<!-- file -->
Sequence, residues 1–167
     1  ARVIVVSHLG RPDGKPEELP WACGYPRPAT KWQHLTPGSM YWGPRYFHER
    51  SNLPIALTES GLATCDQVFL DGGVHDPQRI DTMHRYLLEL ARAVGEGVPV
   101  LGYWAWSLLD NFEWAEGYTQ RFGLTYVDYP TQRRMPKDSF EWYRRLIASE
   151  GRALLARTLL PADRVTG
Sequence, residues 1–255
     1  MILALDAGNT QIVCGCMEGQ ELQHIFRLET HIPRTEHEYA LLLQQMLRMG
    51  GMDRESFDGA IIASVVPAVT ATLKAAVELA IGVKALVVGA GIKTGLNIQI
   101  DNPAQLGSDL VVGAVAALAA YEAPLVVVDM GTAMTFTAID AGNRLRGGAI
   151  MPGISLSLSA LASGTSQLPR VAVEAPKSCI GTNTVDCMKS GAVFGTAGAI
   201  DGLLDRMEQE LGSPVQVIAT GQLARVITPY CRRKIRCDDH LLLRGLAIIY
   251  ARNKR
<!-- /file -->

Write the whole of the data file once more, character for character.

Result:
Sequence, residues 1–167
     1  ARVIVVSHLG RPDGKPEELP WACGYPRPAT KWQHLTPGSM YWGPRYFHER
    51  SNLPIALTES GLATCDQVFL DGGVHDPQRI DTMHRYLLEL ARAVGEGVPV
   101  LGYWAWSLLD NFEWAEGYTQ RFGLTYVDYP TQRRMPKDSF EWYRRLIASE
   151  GRALLARTLL PADRVTG
Sequence, residues 1–255
     1  MILALDAGNT QIVCGCMEGQ ELQHIFRLET HIPRTEHEYA LLLQQMLRMG
    51  GMDRESFDGA IIASVVPAVT ATLKAAVELA IGVKALVVGA GIKTGLNIQI
   101  DNPAQLGSDL VVGAVAALAA YEAPLVVVDM GTAMTFTAID AGNRLRGGAI
   151  MPGISLSLSA LASGTSQLPR VAVEAPKSCI GTNTVDCMKS GAVFGTAGAI
   201  DGLLDRMEQE LGSPVQVIAT GQLARVITPY CRRKIRCDDH LLLRGLAIIY
   251  ARNKR